results in increasing the capacity of most lines, except for the comparison with Rel where only half of the lines needs an increased capacity. C. Cost sensitivities As stressed earlier, the calibration of the costs in the model is crucial. The cause of the conflicting results between Comp and Comp-Sust is the priority dispatch. The importance of the conflict can for instance be measured by the capacity of the lines connecting the wind farms. In Comp-Sust the capacity is by definition 100 MW, the maximal wind farm output. In Comp the capacity strongly depends on the line cost and the cost factor to account for offshore connections, but also on the cost of the other generators (Table 5). The capacities in Table 5 illustrate the importance of the calibration. However, the differences between Comp and Comp-Sust hold in many cases. The difference gradually disappears with increasing generation costs (other than wind) and with decreasing basic line costs, especially when lines connecting wind farms face the same costs than other lines.

5

7

Other generators cost range (€/MWh) 5 - 10

10 - 20

15 - 30

20-40

10

100/100 100/100 100/100 100/100

30

100/75

100/100

100/99

100/100

50

95/81

100/77

100/83

100/99

70

76/36

99/81

99/75

99/94

10

100/77

30

76/74

97/75

99/75

100/98

50

75/30

78/75

80/75

100/77

70

70/30

77/74

76/76

89/75

10

96/75

30

75/37

76/75

90/75

100/78

50

36/31

75/44

75/75

76/75

70

29/29

74/40

75/72

75/75

10

75/75

100/75

30

75/30

75/75

75/75

50

31/30

75/33

75/73

75/75

70

30/5

39/30

74/30

75/72

100/100 100/100 100/100

100/100 100/100 100/100

100/100 100/100 86/75

ACKNOWLEDGEMENT The authors are grateful for the support received from the K.U.Leuven Energy Institute. The research at the KU Leuven is performed within the framework of the research program ‘InterDisciplinaire Onderzoeksprogramma’s ’ (IDO). REFERENCES [1] [2] [3]

V. CONCLUSION The European Union’s multi-objective energy policy puts strong demands on the entire value chain. The transmission grid plays a crucial role in enabling these goals. However, several fields of tension between the different policy goals can be identified. If no special effort is done, it will be hard to reach the ultimate goal of an affordable, sustainable and secure energy supply. Although the benefits of the objectives (e.g. a clean planet, no black-outs) can be priceless, the cost side should not be neglected. Attaining goals in a least-cost efficient way is the best route to follow. Therefore, interactions between policy goals have to be studied especially where areas of tension exist. Subject to the limitations of the model and only applied to a small test grid, the results in this paper illustrate that special care and coordination is needed to integrate the three objectives in transmission planning. Especially the requirements for a sustainable and a competitive supply need to be closely fine-tuned.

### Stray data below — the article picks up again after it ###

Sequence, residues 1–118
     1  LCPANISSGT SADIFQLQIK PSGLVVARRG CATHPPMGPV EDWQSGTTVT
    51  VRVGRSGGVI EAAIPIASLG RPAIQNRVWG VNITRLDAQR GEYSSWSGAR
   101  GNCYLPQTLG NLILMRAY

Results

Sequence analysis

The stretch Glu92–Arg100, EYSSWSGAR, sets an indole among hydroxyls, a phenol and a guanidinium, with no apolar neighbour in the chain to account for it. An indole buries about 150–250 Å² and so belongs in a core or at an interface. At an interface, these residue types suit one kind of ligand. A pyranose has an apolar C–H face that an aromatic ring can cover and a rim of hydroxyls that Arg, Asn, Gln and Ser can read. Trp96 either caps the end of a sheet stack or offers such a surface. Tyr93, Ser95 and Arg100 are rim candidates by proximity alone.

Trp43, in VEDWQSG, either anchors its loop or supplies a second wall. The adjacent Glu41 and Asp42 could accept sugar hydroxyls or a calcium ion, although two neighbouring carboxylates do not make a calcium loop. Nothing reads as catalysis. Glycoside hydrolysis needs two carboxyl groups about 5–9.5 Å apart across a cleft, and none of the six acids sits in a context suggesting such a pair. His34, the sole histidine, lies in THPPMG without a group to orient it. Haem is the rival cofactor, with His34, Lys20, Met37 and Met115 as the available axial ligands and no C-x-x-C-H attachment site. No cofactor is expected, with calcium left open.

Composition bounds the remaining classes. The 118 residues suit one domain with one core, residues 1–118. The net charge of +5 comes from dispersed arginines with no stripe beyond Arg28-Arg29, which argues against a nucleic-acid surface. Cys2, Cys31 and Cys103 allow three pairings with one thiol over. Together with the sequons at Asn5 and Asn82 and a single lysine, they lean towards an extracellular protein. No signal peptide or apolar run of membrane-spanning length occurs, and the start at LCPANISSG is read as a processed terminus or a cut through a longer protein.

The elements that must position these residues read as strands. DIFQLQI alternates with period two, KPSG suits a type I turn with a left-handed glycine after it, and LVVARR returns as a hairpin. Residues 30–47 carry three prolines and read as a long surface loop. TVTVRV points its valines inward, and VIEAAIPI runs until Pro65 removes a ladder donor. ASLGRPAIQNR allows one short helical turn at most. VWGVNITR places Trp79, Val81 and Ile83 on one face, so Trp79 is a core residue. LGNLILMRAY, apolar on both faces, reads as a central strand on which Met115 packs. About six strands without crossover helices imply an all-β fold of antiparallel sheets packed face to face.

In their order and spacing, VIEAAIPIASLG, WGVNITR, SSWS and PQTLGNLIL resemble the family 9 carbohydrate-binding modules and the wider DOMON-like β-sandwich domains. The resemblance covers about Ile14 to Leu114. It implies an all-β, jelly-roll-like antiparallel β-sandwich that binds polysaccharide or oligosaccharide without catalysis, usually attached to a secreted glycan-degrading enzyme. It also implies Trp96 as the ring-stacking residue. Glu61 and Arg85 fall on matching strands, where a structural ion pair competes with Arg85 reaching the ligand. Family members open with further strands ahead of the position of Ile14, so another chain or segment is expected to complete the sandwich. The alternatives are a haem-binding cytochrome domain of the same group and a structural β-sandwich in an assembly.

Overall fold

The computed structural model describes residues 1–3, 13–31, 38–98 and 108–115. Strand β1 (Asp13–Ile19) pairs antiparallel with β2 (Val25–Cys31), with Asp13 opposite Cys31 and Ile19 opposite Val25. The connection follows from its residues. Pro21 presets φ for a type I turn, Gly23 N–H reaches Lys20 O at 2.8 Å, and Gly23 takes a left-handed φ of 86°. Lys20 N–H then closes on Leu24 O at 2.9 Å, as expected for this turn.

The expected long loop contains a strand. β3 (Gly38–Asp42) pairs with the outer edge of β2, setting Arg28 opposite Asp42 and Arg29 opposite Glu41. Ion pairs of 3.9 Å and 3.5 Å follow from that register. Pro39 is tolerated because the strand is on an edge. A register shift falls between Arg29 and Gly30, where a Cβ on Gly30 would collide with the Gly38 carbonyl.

basic line cost (€/(MW.km))

TABLE 4 COMPARISON OF LINE CAPACITIES IN DIFFERENT MODELS

[4] [5] [6] [7] [8] [9] [10] [11] [12] [13]

EU Commission, “Communication from the Commission to the European Council and the European Parliament - an energy policy for Europe (SEC(2007) 12)”, January 2007 D. Kirschen and G. Strbac, “Fundamentals of power system economics”, Wiley, 2004 Decision No 1364/2006/EC of the European Parliament and the Council of 6 September 2006 laying down guidelines for transEuropean energy networks and repealing Decision 96/391/EC and Decision No 1229/2003/EC D. Kirschen and G. Strbac, “Why investments do not prevent blackouts”, The Electricity Journal, Vol. 17, Issue 2, pp. 29-36, March 2004 S. Blumsack, L.B. Lave and M. Ilic, “The real problem with merchant transmission”, The Electricity Journal, Vol. 21, Issue 2, pp. 9-19, March 2008 NERC, “Reliability concepts”, Version 1.0.2, December 2007 ETSO, “European wind integration study (EWIS) Towards a successful integration of wind power into European electricity grids”, Final Report, January 2007 DENA, “Planning of the grid integration of wind energy in Germany onshore and offshore up to the year 2020”, Final Report, March 2005 S. Pattanariyankool and L.B. Lave, “Optimizing transmission from distant wind farms”, Carnegie Mellon Electricity Industry Center Working Paper CEIC-08-05, May 2008, unpublished Eltra, “Workshop on Electrical Design of Offshore Wind Installations”, Owen events, November 2000 , presentation UCTE, “System Adequacy Forecast 2008-2020”, January 2008 ICF Consulting, “Unit costs of constructing new transmission assets at 380 kV within the European Union, Norway and Switzerland”, Final report, prepared for the DG TREN/EU Commission, October 2002 A. Pellion, “Renewing energy production in Europe: an environmental, industrial and political challenge”, Fondation Robert Schuman, January 2008